How Forbes reports its billionaires list
Kerry Dolan, assistant managing editor of wealth at Forbes, talked about how its editors and reporters calculate wealth in a new podcast about how the business magazine compiles its lists.
Forbes is known for calculating the wealth of the 1,810 billionaires in the world. Microsoft co-founder Bill Gates has been No. 1 on the list for most of the past 20 years. Dolan noted that Forbes does not include the $28 billion worth of Microsoft stock that Gates has given to his charitable foundation in his net worth.
“More than half the people on the list are worth far less than $28 billion,” said Dolan.
“From the get go, we’ll say we are not on a mission, We do not have filings from the IRS,” explained Dolan. “We work with publicly available information and we work with good old-fashioned shoe leather reporting.”
Some of the tactics, said Dolan, is looking to see if someone is in the news buying an expensive piece of art or real estate. “We do the best with the information we have,” said Dolan.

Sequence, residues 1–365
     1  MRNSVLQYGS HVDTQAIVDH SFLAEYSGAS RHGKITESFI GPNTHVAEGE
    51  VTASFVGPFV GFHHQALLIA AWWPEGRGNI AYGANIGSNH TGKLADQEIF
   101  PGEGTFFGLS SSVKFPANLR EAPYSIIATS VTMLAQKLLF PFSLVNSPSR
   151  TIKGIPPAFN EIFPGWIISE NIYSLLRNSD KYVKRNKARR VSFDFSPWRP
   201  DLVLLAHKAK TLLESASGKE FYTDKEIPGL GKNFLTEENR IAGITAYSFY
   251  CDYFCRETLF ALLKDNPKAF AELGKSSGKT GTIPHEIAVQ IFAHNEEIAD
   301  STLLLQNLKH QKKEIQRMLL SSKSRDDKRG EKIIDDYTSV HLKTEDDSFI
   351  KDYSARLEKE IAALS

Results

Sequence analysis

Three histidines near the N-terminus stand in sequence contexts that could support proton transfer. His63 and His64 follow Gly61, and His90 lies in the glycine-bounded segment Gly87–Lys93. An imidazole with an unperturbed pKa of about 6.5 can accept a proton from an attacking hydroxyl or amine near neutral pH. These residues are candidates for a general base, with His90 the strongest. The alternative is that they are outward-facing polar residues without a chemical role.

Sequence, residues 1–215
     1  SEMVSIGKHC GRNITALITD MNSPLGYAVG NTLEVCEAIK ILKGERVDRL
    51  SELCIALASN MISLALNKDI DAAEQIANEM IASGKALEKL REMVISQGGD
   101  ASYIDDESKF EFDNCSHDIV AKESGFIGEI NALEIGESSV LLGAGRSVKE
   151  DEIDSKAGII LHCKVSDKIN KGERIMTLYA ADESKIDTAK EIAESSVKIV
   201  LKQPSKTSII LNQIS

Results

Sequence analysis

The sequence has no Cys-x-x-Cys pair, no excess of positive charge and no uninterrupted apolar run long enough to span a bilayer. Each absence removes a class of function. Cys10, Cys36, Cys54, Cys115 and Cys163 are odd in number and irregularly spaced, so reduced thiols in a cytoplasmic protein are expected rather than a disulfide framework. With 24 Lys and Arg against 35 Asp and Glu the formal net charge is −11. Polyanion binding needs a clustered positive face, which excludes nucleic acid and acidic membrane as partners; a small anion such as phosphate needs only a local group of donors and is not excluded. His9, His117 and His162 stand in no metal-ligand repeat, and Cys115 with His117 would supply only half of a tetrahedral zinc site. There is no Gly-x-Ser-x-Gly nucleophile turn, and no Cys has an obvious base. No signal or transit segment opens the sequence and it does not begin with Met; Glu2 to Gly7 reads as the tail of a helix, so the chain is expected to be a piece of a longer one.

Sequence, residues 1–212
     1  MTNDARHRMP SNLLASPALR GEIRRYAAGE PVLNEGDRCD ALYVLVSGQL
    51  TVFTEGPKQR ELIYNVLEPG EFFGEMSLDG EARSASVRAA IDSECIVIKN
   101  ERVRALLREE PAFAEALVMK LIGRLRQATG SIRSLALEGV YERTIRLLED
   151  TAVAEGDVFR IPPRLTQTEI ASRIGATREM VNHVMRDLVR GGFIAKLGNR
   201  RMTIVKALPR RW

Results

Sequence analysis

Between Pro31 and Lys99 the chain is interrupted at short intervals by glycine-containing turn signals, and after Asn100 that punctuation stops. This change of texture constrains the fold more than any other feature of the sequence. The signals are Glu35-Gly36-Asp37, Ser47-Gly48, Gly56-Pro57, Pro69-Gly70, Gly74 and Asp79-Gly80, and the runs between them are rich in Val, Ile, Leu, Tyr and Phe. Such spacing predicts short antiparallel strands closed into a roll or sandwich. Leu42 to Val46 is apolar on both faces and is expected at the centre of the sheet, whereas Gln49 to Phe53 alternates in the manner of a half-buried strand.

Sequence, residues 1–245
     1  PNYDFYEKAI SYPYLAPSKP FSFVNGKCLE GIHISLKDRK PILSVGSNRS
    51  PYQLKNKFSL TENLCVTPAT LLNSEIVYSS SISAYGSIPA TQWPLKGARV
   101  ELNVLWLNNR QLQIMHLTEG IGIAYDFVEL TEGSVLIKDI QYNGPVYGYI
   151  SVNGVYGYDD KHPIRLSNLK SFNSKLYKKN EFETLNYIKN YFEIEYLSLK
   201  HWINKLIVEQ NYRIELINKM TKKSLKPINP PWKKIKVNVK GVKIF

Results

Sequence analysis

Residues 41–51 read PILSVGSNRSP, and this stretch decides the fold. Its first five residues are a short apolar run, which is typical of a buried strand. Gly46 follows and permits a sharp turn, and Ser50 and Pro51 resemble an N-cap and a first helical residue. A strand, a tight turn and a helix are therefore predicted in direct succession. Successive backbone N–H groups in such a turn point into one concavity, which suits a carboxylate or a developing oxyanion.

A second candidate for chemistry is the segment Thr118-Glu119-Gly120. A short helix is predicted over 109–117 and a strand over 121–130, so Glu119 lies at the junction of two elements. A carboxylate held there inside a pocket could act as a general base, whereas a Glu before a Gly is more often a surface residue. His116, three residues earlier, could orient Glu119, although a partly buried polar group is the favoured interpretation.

For most of the people on the list, their value is determined by the value of the stake in a company, said Dolan. The magazine picks a day, a couple of weeks before it goes to press, and use the stock prices and exchange rates from the same day.
“We tend to be conservative,” said Dolan. “We tend to take the low end of the estimates.”
One billionaire, however, has his financial person send the magazine a list of the worth of his furniture in his homes, but Forbes doesn’t include that data in its list because it’s not available for the others.
“The amount of ego that some of the members of these lists have, the billionaires list in particular, is kind of astounding. For people who are incredibly successful, there are some people for whom that success isn’t enough, where they really want to have a higher rank,” says Dolan. “This is an elite club of people.”
Added Dolan: “I spend an inordinate amount of time for a very small amount of people fielding calls from their chief financial officer who’s lobbying to get their boss a higher net worth on the list.”